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How to Write Discussions and Conclusions
The discussion section contains the results and outcomes of a study. An effective discussion informs readers what can be learned from your experiment and provides context for the results.
What makes an effective discussion?
When you’re ready to write your discussion, you’ve already introduced the purpose of your study and provided an in-depth description of the methodology. The discussion informs readers about the larger implications of your study based on the results. Highlighting these implications while not overstating the findings can be challenging, especially when you’re submitting to a journal that selects articles based on novelty or potential impact. Regardless of what journal you are submitting to, the discussion section always serves the same purpose: concluding what your study results actually mean.
A successful discussion section puts your findings in context. It should include:
- the results of your research,
- a discussion of related research, and
- a comparison between your results and initial hypothesis.
Tip: Not all journals share the same naming conventions.
You can apply the advice in this article to the conclusion, results or discussion sections of your manuscript.
Our Early Career Researcher community tells us that the conclusion is often considered the most difficult aspect of a manuscript to write. To help, this guide provides questions to ask yourself, a basic structure to model your discussion off of and examples from published manuscripts.
Questions to ask yourself:
- Was my hypothesis correct?
- If my hypothesis is partially correct or entirely different, what can be learned from the results?
- How do the conclusions reshape or add onto the existing knowledge in the field? What does previous research say about the topic?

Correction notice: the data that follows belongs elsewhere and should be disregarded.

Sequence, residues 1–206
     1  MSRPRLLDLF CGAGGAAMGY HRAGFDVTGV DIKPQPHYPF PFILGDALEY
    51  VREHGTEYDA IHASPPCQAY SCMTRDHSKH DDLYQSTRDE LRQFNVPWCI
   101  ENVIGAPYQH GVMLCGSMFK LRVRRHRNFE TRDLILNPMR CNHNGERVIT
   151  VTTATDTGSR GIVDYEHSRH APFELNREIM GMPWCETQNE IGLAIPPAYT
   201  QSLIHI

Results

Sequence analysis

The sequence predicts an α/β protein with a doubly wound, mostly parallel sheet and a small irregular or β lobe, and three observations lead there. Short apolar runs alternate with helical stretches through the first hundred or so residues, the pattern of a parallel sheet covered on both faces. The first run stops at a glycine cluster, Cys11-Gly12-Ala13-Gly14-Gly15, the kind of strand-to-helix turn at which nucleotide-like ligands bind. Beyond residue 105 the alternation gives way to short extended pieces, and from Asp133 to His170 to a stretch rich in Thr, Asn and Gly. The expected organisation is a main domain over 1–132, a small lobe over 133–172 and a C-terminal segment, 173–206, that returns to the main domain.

- Why are the results important or relevant to your audience? Do they add further evidence to a scientific consensus or disprove prior studies?
- How can future research build on these observations? What are the key experiments that must be done?
- What is the “take-home” message you want your reader to leave with?
How to structure a discussion
Trying to fit a complete discussion into a single paragraph can add unnecessary stress to the writing process. If possible, you’ll want to give yourself two or three paragraphs to give the reader a comprehensive understanding of your study as a whole. Here’s one way to structure an effective discussion:
While the above sections can help you brainstorm and structure your discussion, there are many common mistakes that writers revert to when having difficulties with their paper. Writing a discussion can be a delicate balance between summarizing your results, providing proper context for your research and avoiding introducing new information. Remember that your paper should be both confident and honest about the results!
- Read the journal’s guidelines on the discussion and conclusion sections. If possible, learn about the guidelines before writing the discussion to ensure you’re writing to meet their expectations.
- Begin with a clear statement of the principal findings. This will reinforce the main take-away for the reader and set up the rest of the discussion.
- Explain why the outcomes of your study are important to the reader. Discuss the implications of your findings realistically based on previous literature, highlighting both the strengths and limitations of the research.
- State whether the results prove or disprove your hypothesis. If your hypothesis was disproved, what might be the reasons?
- Introduce new or expanded ways to think about the research question. Indicate what next steps can be taken to further pursue any unresolved questions.